By Dariush Sajjadi

Mortal wound

September 26, 2021 - 6:44

On Tuesday, September 11, 20 years ago, at 7 a.m. in the western United States, I received a phone call from a friend informing me of a suicide attack on a tower in Manhattan, New York. The story became the subject of significant changes in the world. The most obvious was the U.S. military campaign in West Asia under the pretext of the global fight against terrorism.

The U.S. War on Terror started with the bold cry of George W. Bush and his roar, addressed to the world, "Either you are with us, or you are with the terrorists." But that roar, although it frightened the world, it was only Iran that "did not fear" as usual and threatened Bush: "We're not neither with you, nor with the terrorists!"

However, seven years later, when General Wesley Clark, the former U.S. commander in NATO, revealed the hidden intent of the U.S. adventure under the pretext of terrorism, it became clear that the neocons were pursuing a grand Middle East plan to destroy seven countries: Afghanistan, Iraq, Libya, Lebanon, Somalia, Sudan, and Iran.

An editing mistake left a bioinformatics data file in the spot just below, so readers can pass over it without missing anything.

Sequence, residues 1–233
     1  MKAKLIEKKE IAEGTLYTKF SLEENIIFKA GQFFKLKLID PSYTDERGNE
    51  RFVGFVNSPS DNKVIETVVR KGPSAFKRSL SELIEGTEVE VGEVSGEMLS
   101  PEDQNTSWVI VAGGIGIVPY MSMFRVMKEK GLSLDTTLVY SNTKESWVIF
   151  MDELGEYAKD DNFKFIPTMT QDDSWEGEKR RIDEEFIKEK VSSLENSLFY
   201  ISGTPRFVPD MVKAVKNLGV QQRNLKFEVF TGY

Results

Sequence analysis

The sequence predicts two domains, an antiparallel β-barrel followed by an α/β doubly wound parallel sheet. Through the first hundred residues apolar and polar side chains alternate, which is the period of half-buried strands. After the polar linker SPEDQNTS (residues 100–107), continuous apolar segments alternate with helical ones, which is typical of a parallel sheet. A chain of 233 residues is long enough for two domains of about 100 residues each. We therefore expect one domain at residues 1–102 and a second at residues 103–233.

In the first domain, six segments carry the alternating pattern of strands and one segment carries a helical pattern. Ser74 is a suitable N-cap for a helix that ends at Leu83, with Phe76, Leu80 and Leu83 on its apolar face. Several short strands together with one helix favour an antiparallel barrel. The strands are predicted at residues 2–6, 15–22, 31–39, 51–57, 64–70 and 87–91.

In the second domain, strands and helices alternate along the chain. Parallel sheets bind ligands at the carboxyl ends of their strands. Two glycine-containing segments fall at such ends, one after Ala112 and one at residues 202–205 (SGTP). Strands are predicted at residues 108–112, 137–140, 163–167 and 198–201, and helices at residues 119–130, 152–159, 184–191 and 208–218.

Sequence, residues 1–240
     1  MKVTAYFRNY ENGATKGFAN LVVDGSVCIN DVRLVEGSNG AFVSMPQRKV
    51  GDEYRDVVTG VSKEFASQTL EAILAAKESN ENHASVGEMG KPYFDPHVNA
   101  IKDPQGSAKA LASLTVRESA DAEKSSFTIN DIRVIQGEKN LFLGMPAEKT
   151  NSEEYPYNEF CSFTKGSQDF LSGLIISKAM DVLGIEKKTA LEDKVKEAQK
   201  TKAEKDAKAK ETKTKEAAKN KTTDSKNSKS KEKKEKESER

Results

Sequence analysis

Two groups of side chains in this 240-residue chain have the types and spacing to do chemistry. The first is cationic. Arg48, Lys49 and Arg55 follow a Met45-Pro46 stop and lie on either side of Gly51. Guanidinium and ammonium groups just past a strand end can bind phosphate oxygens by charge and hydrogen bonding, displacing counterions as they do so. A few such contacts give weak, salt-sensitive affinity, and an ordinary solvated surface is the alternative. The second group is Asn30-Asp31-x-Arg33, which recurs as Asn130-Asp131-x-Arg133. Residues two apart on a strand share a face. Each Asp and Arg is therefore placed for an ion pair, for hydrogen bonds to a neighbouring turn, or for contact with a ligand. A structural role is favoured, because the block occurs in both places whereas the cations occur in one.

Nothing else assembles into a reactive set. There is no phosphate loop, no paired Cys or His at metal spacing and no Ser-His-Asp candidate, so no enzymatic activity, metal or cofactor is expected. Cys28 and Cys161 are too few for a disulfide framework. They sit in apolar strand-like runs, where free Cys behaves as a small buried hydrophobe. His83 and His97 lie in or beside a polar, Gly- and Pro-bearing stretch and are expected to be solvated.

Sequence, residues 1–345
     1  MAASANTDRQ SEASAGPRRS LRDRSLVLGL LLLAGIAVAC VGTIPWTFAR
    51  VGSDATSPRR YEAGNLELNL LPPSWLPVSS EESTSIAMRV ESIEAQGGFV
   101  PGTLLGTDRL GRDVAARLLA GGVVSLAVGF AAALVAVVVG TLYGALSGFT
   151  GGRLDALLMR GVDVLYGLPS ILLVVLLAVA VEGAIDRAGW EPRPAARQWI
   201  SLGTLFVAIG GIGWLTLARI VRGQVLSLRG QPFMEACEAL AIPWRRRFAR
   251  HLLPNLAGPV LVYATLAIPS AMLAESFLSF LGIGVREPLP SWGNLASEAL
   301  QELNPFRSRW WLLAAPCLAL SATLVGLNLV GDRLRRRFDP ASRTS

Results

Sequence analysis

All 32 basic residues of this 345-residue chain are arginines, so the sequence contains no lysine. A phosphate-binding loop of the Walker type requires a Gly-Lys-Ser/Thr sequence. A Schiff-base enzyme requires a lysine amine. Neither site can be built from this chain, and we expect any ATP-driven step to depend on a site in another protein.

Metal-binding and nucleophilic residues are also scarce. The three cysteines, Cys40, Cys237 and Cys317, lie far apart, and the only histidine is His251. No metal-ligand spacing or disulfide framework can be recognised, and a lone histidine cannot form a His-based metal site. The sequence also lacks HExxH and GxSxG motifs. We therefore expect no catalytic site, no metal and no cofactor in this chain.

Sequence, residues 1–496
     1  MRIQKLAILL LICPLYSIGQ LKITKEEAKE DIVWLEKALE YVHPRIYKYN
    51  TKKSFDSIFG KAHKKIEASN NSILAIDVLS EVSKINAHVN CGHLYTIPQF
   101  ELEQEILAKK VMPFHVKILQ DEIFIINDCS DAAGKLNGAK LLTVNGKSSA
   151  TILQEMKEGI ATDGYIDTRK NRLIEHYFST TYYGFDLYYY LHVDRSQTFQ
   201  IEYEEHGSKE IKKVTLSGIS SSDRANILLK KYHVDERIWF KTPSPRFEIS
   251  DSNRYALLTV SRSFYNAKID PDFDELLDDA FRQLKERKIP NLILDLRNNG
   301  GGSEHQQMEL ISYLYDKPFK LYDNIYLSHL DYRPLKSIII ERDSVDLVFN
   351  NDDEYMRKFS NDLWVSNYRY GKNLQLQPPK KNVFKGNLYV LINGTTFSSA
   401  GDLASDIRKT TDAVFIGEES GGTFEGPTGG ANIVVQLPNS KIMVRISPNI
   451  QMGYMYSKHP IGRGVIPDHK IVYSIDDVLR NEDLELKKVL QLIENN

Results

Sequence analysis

However, amid a world frightened by American militancy, the only country not afraid of the United States entered the fray (General Soleimani). 

The result of that knight's wisdom and the forces under his command was that after 20 years, The U.S. is leaving the region with Iran not only not being destroyed but more potent than before. Also, Iraq, Syria, and Lebanon, which western powers wanted to cut their ties to Tehran, by General Soleimani's tact, those countries became Iran's strategic allies.

According to Nietzsche, "a blow that does not kill us makes us stronger."

By dodging promptly, Iran deftly turned the "wound" it was about to destroy the country into a means of increasing its sophistication, meaning, and authority.

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